The UC Davis Multidisciplinary Psychoanalytic Research Cluster sponsors research, lectures, seminars, digital humanities projects and other activities that foster the exploration of psychoanalytic ideas and texts across the disciplines. In particular, this cluster supports research and events that engage with psychoanalysis in pluralistic and experimental ways. By putting psychoanalytic ideas and practices in conversation with emerging thinking on temporality, materiality, history, memory, bodies, care, economy, narrative, experimentally, improvisation, performance, law, and criminality, the cluster provides a space for faculty and graduate students to explore and develop work at the forefront of humanistic and critical social science engagements with psychoanalysis. The cluster’s lecture series, Freudian Sips, brings prominent and cutting-edge scholars to campus for public events; cluster faculty, postdoctoral associates, graduate students and undergraduates attend and organize a panel at the annual UC Interdisciplinary Psychoanalytic Consortium Retreat; and its postdoctoral scholar works with graduate and undergraduate students seeking to explore how psychoanalytic texts and ideas might contribute to their research. The cluster is administratively housed in Cultural Anthropology and includes faculty and graduate students from across the humanities and critical social sciences. Please contact Matthew Nesvet (nesvet@ucdavis.edu) with questions on the cluster, if you’d like to be added to its mailing list, or if you wish to get involved. The cluster will host a kickoff event and open house for all interested persons in early fall quarter (Oct 9).

Rhetoric @ Davis

Faculty Contact: Chris Thaiss

Rhetoric @ Davis promotes the idea of rhetoric as a field of study that touches upon every discipline that needs to communicate information or knowledge to an audience.  This research cluster will create a forum to meet, discuss, and share research related to rhetoric for scholars from an array of disciplines and departments at the University of California, Davis.  Each quarter, the cluster will invite an outside speaker on rhetoric whose visit will be followed by a panel discussion later in the quarter.

Cluster on Language Research

Faculty Contact: Robert Blake
Website: http://languageresearch.ucdavis.edu/

The Cluster on Language Research seeks to create a space where researchers can share their individual specialties and insights in pursuit of creating a more unified vision of language. Encompassing interests such as theoretical and applied linguistics, cognitive psychology, foreign language teaching and education, language policy, sociology of language, language preservation, and philosophy of language, this cluster supports investigation, exploration, and collaboration in the field of Language Research. The members of this interdisciplinary group use this space to meet and discuss relevant literature, present and develop their research, organize projects and colloquia, and put on the annual Symposium on Language Research.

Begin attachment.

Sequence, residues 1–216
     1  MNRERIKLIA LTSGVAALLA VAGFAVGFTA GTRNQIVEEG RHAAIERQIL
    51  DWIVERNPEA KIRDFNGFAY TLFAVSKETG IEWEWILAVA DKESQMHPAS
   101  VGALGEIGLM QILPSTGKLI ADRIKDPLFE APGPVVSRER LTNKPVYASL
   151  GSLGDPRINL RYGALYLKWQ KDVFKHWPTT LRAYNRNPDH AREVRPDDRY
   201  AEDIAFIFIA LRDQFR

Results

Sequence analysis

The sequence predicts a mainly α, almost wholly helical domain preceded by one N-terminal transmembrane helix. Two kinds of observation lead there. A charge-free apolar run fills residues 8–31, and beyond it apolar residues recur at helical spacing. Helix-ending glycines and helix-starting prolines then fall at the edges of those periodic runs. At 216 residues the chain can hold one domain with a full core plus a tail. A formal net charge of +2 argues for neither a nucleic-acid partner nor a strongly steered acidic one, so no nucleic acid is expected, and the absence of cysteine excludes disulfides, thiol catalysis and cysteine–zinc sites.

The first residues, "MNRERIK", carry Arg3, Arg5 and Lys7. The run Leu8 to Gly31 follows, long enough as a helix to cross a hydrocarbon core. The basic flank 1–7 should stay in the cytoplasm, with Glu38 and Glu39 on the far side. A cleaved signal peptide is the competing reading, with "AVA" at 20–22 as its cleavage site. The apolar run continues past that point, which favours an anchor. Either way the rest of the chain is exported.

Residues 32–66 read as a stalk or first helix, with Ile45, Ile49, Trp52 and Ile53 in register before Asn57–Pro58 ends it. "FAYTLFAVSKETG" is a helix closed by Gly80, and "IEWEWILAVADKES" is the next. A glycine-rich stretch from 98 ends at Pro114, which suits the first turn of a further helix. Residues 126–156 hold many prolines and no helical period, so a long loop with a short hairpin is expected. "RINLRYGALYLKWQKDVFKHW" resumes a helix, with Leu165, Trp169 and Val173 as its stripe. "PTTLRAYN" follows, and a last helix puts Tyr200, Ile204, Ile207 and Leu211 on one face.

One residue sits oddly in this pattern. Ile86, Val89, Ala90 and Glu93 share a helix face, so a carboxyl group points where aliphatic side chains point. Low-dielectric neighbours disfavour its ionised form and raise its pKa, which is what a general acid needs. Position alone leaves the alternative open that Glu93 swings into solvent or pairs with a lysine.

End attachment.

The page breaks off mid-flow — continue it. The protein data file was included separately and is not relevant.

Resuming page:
Turkish Studies

Faculty Contact: Baki Tezcan

Turkish Studies aims to broaden scholarly understanding of contemporary events in Turkey by inciting intellectual engagement with new political forms.  This research cluster will furnish young UC Davis scholars with valuable professional development and will facilitate a community for scholars of Turkey at Davis.  Turkish studies begins a conversation between thinkers whose work ranges from queer theory to political economy to social movement theory in order to help the public situate recent uprisings in Turkey in the context of subaltern political struggles unfamiliar to many in the U.S.

Eighteenth-Century Studies Journal

Year: 2013-2014

Eighteenth-Century Studies

Faculty Contact: Alessa Johns
Student Contacts: Molly Ball, Peter Weise

This research cluster supports scholars working in a wide variety of fields during the long eighteenth century. The cluster hosts the annual Hopkins-McGuinness lecture as well as formal and informal presentations of work by faculty and graduate students. It is assisting to organize and host an upcoming conference of the Western Society for Eighteenth-Century Studies, to be held at UC Davis from 14-16 February, 2014.

Estudios Culturales en las Américas

Faculty Contact: Robert Irwin, Michael Lazzara
Student Contacts: Diana Pardo Pedraza, David Tenorio González
Website: http://estudiosculturales.ucdavis.edu

This research cluster focuses on the interdisciplinary field of Latin@american Cultural Studies, and specifically on contemporary critical debates and new research by scholars working on Chican@/Latin@ and/or Latin American cultural studies in the humanities and social sciences. In the tradition of Latin@american cultural studies, this cluster focuses on issues of political expediency and on power relations within the cultural sphere, topics related to gender and race, and work by women and indigenous peoples. Other possible themes of analysis include migration, subaltern knowledges, cultural industries, globalization, bilingualism, iconography, memory, and cultural policy, among others. The cluster approaches its topic through a transamerican perspective in interdisciplinary cultural studies.